As the Grid Greens, the Case for EVs Gets Even Stronger

New research from the Union of Concerned Scientists found that as electric utilities phase out fossil fuels like coal, the electric cars they recharge far outpace gas-powered cars when considering overall greenhouse gas emissions.

Solar panels in a field with wind turbines behind them.
The greening of the electric grid is allowing electric vehicles to quickly speed past their gas counterparts when measuring the overall emissions attributed by light-duty cars and trucks.

New research from the Union of Concerned Scientists in California found the average gas-powered car in the United States would have to reach 93 mpg to equal the low level of fossil fuel emissions released from the charging of EVs.

“What makes electric vehicles a little bit different is when we reduce emissions from the electricity sector, it makes all EVs — even used EVs — cleaner,” said David Reichmuth, a senior engineer with the Clean Transportation Program at the Union of Concerned Scientists and one of the leaders in the research.

Reichmuth reviewed high-level data coming from the Department of Energy to get an understanding of how renewable sources of electricity like wind and solar contribute to power generation across different regions of the country. In areas where renewables are a large share of the power grid, EVs are even more efficient.

For example, in California, where wind and solar contribute significantly to the power grid, a gas-powered car would need to reach 134 mpg to equal the low emissions of EVs in that state. Conversely, gas-powered cars only need to reach 41 mpg in the area around Missouri to be on-par with EVs. This is due, in part, to an over-reliance on coal to power electric generation.

The research points to two parallel policy directions that city, state and regional officials should be focused on, said Reichmuth: increasing the adoption of EVs, and weaning power grids off of coal and other fossil fuels.

“Those are going to need to converge, both the clean grid and transportation, to avoid the worst impacts of climate change,” said Reichmuth. “And those are key things that have to happen at the same time, and happen sort of as fast as we can make those transitions, in both sectors.”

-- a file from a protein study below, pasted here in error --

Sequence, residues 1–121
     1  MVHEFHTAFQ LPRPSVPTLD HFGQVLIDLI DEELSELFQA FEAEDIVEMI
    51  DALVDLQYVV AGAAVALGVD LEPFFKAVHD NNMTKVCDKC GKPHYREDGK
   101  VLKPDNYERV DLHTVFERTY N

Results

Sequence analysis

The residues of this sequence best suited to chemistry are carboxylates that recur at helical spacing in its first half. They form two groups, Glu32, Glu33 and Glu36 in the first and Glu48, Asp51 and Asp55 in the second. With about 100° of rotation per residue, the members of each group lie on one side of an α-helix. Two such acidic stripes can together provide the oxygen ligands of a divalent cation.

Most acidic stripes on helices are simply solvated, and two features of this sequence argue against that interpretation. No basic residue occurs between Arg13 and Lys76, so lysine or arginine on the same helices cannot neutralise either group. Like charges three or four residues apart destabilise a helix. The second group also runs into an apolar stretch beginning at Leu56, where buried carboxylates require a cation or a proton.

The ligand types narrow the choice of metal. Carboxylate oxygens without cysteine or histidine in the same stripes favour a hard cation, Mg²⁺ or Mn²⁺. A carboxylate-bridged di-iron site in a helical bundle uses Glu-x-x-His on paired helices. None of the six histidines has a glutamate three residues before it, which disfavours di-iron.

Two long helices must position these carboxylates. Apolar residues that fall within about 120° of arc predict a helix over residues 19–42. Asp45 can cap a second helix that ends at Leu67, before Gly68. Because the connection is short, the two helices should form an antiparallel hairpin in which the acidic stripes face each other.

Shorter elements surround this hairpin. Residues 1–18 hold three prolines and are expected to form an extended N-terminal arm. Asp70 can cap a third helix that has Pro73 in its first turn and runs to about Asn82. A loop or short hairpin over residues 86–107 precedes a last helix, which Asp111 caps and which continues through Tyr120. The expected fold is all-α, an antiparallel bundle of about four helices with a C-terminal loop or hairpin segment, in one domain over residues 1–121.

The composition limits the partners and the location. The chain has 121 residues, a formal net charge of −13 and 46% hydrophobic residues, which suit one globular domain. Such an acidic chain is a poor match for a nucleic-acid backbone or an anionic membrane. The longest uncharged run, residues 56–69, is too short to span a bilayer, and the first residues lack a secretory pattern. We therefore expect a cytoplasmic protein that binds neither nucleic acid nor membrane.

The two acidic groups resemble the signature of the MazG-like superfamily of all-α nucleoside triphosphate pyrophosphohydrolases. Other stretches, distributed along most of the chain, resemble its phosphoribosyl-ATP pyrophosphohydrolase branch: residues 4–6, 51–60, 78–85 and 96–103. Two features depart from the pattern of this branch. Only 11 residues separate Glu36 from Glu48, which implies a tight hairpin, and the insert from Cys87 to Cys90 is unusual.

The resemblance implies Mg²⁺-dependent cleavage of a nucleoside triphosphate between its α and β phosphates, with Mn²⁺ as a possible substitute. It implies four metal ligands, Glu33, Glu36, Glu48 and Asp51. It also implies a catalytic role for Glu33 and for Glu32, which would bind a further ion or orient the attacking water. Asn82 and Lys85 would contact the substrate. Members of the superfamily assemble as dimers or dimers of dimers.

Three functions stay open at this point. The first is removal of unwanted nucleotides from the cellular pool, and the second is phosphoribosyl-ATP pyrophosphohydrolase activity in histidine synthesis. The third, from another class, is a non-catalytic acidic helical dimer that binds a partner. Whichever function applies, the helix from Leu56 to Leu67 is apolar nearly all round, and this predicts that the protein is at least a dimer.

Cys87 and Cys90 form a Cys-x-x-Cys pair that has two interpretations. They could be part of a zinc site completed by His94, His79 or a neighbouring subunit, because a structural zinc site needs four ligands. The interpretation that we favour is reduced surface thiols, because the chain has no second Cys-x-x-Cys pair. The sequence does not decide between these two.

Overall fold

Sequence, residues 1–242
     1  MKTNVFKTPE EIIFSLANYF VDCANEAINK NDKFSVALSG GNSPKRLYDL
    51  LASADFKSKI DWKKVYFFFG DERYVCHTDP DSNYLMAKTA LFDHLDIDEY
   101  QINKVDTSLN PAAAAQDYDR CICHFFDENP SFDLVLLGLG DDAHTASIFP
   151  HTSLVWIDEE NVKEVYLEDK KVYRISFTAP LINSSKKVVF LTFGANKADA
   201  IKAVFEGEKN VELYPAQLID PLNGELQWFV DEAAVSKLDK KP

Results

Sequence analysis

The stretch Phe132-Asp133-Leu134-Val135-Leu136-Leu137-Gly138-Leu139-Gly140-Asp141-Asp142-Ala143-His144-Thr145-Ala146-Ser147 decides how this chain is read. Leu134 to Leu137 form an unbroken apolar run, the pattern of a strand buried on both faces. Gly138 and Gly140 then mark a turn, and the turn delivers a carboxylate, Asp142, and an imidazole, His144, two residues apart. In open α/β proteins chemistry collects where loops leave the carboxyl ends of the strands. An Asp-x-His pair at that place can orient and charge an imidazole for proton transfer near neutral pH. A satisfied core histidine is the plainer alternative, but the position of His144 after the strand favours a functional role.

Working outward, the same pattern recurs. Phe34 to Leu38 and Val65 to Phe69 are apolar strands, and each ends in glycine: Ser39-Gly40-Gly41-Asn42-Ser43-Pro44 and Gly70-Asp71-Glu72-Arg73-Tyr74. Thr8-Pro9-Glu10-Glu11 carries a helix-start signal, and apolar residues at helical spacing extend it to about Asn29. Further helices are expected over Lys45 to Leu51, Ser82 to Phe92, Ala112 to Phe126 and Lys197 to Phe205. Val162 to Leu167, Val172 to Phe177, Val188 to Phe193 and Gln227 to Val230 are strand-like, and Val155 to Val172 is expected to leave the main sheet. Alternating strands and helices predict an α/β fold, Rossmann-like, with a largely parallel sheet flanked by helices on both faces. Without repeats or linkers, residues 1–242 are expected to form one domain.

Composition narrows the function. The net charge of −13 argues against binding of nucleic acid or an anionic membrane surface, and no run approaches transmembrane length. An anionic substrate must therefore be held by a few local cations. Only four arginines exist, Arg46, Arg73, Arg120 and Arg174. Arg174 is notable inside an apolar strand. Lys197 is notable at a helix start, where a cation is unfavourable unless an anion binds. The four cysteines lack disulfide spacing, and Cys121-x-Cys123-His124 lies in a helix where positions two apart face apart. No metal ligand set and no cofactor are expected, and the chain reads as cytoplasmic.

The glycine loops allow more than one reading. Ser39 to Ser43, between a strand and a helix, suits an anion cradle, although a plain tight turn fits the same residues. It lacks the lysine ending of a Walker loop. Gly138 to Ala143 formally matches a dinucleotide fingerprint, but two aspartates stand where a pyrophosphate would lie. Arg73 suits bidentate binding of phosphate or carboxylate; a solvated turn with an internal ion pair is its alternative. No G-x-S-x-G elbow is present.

In a number of areas across the country, electric utilities are making the change to a cleaner grid.

“It’s not just about getting electric vehicles on the road, it’s also about transforming the entire energy ecosystem, and the related infrastructure to be able to enable this transition. And that’s an important and critical role for all of us,” said Caroline Winn, CEO for San Diego Gas and Electric in California, speaking in March at the 2021 Veloz annual conference. Veloz is an EV advocacy group based in Sacramento, Calif.

The Golden State recently set a goal to phase out the selling of new gas cars by 2035.

“It will take all of us working together at all levels of government across private, public and nonprofit sectors to really get there,” Winn added. “And when we get to 2035, I think we can all say, we’re leaving the world a better place for the next generation, and the generation after that.”

Emissions from power plants fell more than 11 percent between 2016 and 2019, the research found, a drop largely the result of bringing online renewable sources of electric generation.

The research focused on data related to the electric utility power generation and did not take into consideration how residential rooftop solar projects may be making electric vehicles even more efficient when considering they could be getting charged at home with renewable energy. In California, there are some 1.2 million rooftop solar installations, generating about 11 percent of electric capacity in the state, according the National Resources Defense Council (NRDC).

“Certainly, if you have rooftop solar… then how you charge up your EV might be different than these numbers, obviously,” said Reichmuth.

“This [research] is more useful to get a high-level understanding of how the different electricity mixes in different regions of the country impact the emissions from EVs,” he added. “But definitely, at the local or the personal level, the numbers are going to be different.”

The research also points out that over time, EVs can become even more emissions efficient, assuming the electric grid that’s charging them is getting greener.

“When we think about the efficiency of a gasoline vehicle, if you buy the car and it gets 30 miles per gallon, the emissions from gasoline are going to be largely unchanged,” said Reichmuth. “So it’s kind of a fixed amount of emissions you’re going to get from that vehicle, whereas for the electric vehicle… over time they get better.”
Skip Descant writes about smart cities, the Internet of Things, transportation and other areas. He spent more than 12 years reporting for daily newspapers in Mississippi, Arkansas, Louisiana and California. He lives in downtown Sacramento.
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